Dame Kelly backs athletics legacy
DAME Kelly Holmes is adamant London's Olympic Stadium should be kept for athletics after 2012.
The debate over the stadium's legacy use has intensified over recent weeks, with calls from some quarters for it to be converted to be used full-time by a football club.
But the 2004 double Olympic champion believes getting rid of the athletics track would be a mistake.
She said: "Personally I think an athletics stadium should stay as an athletics stadium. In Europe they mix football with athletics and we need a big focal point.
"We're talking about leaving a legacy of sport and athletics is always a focal point for the Olympics. For once we should remember it for what it was instead of what it ends up [as]."
Dame Kelly was guest of honour at the East London Business Alliance's employee volunteer awards at the East Wintergarden on Tuesday evening.
She is helping mentor young athletes through her involvement with Elba's Banking on Talent scheme, as well as her own programmes.
She said: "A lot of businesses have put financial input into the development of these young people. My background is really the education and what it takes to be the best.
"They have obviously identified this group, so I wanted to make sure what we give them is the other surrounding network - the family support, the parents, the coaches - and we're really looking at it as a family of support given to these up-and-coming youngsters.
"With the Banking on Talent youngsters what we do with the education and mentoring is everything you are not told as a sports person.
"If you go out and are successful at your sport, you do your sport. But people don't tell you how to get over the disappointments, the injuries.
"When youngsters grow up they get a lot of body issues in terms of breakdowns, getting ill, and learning things about how to develop coaching alongside the athlete that's excelled.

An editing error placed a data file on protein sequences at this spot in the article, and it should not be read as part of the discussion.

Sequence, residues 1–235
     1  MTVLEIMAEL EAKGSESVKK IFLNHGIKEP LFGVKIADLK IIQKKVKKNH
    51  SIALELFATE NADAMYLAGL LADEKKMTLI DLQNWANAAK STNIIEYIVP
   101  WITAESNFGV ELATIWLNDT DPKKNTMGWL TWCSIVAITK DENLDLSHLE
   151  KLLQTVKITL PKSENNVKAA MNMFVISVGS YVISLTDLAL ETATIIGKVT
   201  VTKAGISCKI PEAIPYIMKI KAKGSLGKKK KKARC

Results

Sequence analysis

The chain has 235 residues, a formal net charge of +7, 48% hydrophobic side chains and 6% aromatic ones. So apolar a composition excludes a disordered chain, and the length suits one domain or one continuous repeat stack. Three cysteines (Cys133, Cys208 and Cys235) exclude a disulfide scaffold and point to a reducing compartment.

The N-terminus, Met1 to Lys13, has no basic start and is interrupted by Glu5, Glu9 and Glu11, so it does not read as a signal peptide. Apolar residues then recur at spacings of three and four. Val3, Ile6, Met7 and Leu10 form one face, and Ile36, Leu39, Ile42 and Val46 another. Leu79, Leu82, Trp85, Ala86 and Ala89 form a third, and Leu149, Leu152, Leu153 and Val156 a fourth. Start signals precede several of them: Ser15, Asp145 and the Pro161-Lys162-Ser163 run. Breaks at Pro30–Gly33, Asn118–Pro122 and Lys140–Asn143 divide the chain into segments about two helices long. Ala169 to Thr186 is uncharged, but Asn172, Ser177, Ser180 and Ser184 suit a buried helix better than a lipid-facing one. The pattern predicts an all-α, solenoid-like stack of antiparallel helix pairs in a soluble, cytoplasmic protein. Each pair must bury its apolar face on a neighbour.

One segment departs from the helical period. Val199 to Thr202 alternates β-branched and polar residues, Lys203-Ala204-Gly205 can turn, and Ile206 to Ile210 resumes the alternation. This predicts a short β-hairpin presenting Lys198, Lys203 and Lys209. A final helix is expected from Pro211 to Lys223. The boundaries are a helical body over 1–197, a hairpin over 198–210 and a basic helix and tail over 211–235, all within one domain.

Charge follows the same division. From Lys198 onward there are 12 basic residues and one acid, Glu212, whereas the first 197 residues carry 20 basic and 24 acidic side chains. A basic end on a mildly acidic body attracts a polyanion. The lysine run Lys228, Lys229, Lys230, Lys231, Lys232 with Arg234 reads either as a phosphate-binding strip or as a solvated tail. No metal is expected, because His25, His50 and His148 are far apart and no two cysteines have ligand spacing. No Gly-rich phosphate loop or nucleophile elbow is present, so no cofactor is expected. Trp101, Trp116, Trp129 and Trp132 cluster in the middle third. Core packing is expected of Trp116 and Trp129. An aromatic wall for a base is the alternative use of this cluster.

"Also, what it's going to take, the pathway that's needed and goal-setting. There is so much more to it.
"So because all my experiences and career was a complete and utter rollercoaster ride I can now pass that on to the up-and-coming athletes.
"I have mentoring and training programmes myself, including 'On Camp with Kelly', for 56 of the top junior 800 and 1,500 metre runners, both boys and girls.
"I've been working with a group of them for four years now and some of them are now moving into the senior ranks or winning world junior titles.
"We're seeing some big developments but there's no guarantees. But as long as I can keep them in the sport there's a chance someone will make it."
But it's not just about identifying the elite talent, it's also about giving youngsters the chance to try different sports, according to Dame Kelly.
She said: "Identifying talent is always a tough one in terms of guidelines and what your boundaries for that are.
"Of course there are so many different types of talent out there in sport. If someone excels in school you can say they've got a great talent.
"If somebody's a very good club athlete or somebody rises to the ranks of national or international standard of course they are identified talent.
"But what you need to do is give people opportunities in life to be able to participate in something so their natural ability can show through. Then they are identified and put into a network like Banking on Talent and we take it from there."
Britain's athletes had a disappointing time in Beijing, with only Stratford's Christine Ohurugou claiming a title, but Dame Kelly is cautiously optimistic about success in the London Olympics.
She said: "[British] Athletics has gone through a real sticky point in the last few years. There's always been some success but athletics has always placed itself as the premier sport in the Olympics, you always hope for Olympic champions and more medals than just a handful.
"It's going through a massive change-around, a total restructuring. We have the talent, it just needs to be nurtured in the right way and hopefully the successes in 2012 will come and it will be worth all the changes and worth all the doldrums."